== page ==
Anyone originally from a frigid winter state knows all about the fuss over Groundhog Day, the annual Feb. 2 ritual. Would winter last six more weeks, or would there be a reprieve? It’s not an event that gets attention in Green Valley, where temperatures last week were in the 70s.
For resident Joyce McQuown Smith it’s still a banner day. Smith hails from Punxsutawney in central Pennsylvania, and became an official Groundhog Ambassador in 1985. Living in Green Valley since 2004, she still has her collection of Groundhog Day paraphernalia, including a wood-carved groundhog, a t-shirt, a framed ambassador certificate, a groundhog-shaped cookie cutter from the days when she’d bake cookies and bring them to work on Groundhog Day, and other small trinkets.
Punxsutawney is where Groundhog Day originated on Feb. 2, 1886, and is where a ceremony is held every year. It’s a Pennsylvania Dutch superstition that if a groundhog—named Punxsutawney Phil—comes out of its burrow on Feb. 2 and sees a shadow due to clear weather, he will go back underground for another six weeks of winter. If it’s cloudy when the groundhog emerges and he doesn’t see his shadow, spring will arrive early.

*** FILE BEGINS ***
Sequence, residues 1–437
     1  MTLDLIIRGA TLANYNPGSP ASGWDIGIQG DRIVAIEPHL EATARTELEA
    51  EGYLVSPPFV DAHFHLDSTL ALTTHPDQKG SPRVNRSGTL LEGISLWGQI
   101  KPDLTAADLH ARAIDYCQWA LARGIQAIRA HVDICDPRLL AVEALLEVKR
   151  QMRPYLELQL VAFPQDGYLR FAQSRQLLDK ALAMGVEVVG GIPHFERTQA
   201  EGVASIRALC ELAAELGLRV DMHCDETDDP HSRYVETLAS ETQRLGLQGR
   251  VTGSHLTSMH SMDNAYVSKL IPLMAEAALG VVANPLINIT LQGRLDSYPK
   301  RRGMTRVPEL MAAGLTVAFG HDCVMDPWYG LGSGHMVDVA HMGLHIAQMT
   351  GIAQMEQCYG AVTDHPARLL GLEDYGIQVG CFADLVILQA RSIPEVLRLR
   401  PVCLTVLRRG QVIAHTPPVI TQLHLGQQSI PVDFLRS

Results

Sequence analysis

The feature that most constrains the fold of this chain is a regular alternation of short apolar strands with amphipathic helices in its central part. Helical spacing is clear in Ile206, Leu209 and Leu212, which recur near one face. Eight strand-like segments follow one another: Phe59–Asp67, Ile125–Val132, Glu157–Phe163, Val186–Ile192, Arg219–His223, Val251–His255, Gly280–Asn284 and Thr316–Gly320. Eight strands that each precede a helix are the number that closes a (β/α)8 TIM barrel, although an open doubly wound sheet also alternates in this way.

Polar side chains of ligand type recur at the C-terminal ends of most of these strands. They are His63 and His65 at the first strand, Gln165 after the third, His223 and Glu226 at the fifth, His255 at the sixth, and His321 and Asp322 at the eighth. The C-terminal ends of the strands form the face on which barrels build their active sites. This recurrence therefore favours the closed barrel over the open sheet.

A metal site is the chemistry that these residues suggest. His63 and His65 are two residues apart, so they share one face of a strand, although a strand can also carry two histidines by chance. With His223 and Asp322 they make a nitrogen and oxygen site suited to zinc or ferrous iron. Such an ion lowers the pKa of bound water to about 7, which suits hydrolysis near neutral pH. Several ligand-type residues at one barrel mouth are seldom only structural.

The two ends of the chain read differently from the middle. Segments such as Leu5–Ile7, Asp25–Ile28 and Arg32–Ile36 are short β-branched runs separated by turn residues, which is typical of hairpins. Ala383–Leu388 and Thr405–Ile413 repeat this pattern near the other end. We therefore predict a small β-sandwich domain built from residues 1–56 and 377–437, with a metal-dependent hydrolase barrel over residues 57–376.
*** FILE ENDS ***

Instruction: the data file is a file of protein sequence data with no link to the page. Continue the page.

As a Groundhog Ambassador, I spread the word, Smith said.
Someone has to nominate you and then you need to be approved by a Groundhog Day committee.
Technically, she's still ambassador, though dormant.
She recalled the hoopla of Groundhog Day when she lived in Punxsutawney and said men would drag a groundhog out from a burrow under a stump.
There were groundhog earrings, shirts, things to stimulate the economy. Groundhog Day became crazy after 1993, when the movie of the same name came out, she said.
It’s not too exciting here; it doesn’t have much kick, Smith said.
Groundhog Day orginated from the Christian celebration Candlemas Day, which marked the midpoint between the winter solstice and the spring equinox. Weather lore was brought from German-speaking areas, where the badger is viewed as a forecasting animal.
In cold-weather states and Canada, Feb. 2 still gets due attention. Phil's prediction this year? He saw his shadow on Friday — six more weeks of winter. It's good to be in Arizona.